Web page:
A portrait of a damned soul

An old college friend died a couple of years ago.  I only found out a week or so ago, when I did something that I never do — I logged into Friends Reunited.  A menu highlighted that someone that I knew at college had a page, and it was him.

The page was written by him.  It discussed his life, and gave his thoughts about it.  And then someone had added a note at the bottom with news of his death.

The page made rather sad reading.  His career evidently never went anywhere, and then he gave it up and took a series of short-term jobs, unsuited to a man of his abilities.

This man was an Oxford graduate.  He was brighter than I am, and was in the year above me at college, doing the same subject.  We were, in some ways, very similar people, and I got on well with him. 

In imagination I can still see his window in the Rose Lane Annex.  It was often lit late at night.  I remember going up to see him, at some late hour, as students do, and finding him playing LP’s of Russian composers — he introduced me to Shostakovich — and drinking strange teas.  The one I remember looked more like logwood chippings than tea!  We would discuss politics, in which we were both active, although he was slightly more right-wing than myself.

He had grown up among Christians.  He owned a number of Graham Kendrick LP’s, which I took care to copy.  His parents were simple folk, delighted to have so intelligent a son. 

But he had rejected Christ at some point before I knew him.  I remember him complaining about the Christian Union at college — made up of the brightest that England could produce, remember — that it was not intellectual enough.  He said that he had been along to a bible study, and that he and another would discuss the Greek of the passage, while everyone else looked blank.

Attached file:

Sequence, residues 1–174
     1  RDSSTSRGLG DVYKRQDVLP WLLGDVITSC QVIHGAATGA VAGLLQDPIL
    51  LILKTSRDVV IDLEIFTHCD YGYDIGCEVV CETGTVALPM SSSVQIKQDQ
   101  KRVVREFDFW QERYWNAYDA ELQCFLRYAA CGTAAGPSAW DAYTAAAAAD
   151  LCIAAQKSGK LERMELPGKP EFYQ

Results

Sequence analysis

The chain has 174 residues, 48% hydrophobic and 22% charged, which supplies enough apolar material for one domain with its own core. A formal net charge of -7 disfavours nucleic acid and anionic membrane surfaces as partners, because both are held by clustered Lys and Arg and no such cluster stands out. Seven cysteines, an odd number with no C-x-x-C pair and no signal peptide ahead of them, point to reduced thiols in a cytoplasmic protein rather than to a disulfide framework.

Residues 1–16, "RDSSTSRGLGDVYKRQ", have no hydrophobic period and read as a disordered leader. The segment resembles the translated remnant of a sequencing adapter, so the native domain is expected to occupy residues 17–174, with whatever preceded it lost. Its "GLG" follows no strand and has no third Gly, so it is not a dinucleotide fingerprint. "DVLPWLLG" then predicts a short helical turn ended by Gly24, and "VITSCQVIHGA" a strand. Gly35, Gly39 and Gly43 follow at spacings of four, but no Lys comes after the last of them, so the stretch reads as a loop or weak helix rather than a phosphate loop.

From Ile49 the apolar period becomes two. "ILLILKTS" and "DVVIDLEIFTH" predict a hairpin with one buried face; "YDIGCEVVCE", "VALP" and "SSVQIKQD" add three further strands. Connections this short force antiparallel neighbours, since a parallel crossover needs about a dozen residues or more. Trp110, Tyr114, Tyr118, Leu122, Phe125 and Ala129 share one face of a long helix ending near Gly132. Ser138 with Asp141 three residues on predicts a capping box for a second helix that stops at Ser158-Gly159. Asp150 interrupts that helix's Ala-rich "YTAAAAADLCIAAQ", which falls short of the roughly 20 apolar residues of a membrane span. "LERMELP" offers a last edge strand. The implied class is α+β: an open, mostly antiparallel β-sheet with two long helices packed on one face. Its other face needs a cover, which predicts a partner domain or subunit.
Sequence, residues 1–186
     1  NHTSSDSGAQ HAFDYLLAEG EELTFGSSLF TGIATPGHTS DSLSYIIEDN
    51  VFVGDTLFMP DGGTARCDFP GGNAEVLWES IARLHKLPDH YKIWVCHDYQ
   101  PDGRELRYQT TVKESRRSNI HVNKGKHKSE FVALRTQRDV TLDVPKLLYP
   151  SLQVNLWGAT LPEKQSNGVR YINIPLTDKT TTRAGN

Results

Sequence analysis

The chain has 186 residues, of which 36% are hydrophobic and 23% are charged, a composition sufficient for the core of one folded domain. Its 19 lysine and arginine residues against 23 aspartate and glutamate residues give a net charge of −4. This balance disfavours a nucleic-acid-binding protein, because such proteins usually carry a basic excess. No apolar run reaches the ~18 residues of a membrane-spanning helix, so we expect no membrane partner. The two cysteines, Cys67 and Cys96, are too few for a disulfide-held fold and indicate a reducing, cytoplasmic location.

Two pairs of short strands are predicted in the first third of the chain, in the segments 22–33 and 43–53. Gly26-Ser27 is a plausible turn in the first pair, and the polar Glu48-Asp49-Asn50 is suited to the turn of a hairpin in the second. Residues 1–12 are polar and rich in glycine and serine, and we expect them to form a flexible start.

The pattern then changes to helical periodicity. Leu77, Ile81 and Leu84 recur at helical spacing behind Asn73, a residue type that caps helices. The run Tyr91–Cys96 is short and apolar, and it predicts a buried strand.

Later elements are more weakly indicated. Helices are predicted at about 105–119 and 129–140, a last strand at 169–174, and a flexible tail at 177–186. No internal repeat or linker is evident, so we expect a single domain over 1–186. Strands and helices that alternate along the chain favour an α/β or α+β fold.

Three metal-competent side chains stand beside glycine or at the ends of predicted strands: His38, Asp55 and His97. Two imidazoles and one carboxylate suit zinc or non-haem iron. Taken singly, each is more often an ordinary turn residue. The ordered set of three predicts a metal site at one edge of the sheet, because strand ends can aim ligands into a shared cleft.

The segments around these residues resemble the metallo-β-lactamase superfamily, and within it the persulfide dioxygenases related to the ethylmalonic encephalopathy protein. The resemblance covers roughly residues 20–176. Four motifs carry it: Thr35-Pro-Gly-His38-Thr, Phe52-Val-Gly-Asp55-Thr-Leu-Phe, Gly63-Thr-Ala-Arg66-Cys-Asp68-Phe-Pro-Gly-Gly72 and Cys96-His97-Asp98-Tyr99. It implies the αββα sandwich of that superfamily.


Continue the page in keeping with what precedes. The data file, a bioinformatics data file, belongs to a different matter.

But I also remember learning something else about him.  There was a debate in the Union, and I spoke, somewhat ineptly, against the newly fashionable promotion of unnatural vice.  To my surprise he got up — we were sitting together — and spoke for it.  Later he told me that he had become a homosexual.  I didn’t throw him out — indeed I couldn’t really believe it, and tended to treat the profession as one of his eccentricities — but it was odd.  In time he went down from college, as we all did, and I saw him no more.  I kept in contact for a couple of years, but then lost contact with him, and with others of my time at college.

The page makes clear that he never married.  It contains what is perhaps the saddest phrase I ever saw:

I have no children (that I know of).

What self-inflicted emptiness lies behind those words!  I fear that, before I knew him, he came up to college and Satan drew him into sin, to reject Christ, and then on into unnatural vice, thereby cutting him off from everyone.  I remember him saying that he could no longer relate to his parents, in times of trouble.

Now he is dead.  He died at 48 (I think), alone.  What sort of life did he have?  Not much, from the look of it.  Yet he was a marvellous creation of God’s, a “character” in the best sort of way, one that Dickens would have delighted to draw.

He was a decent chap, I always felt, and yet, on the face of it, he lived a miserable life and died without God.  Who can doubt his damnation?  His life was empty.  He neither made himself happy, nor did what God asked.  Poor soul!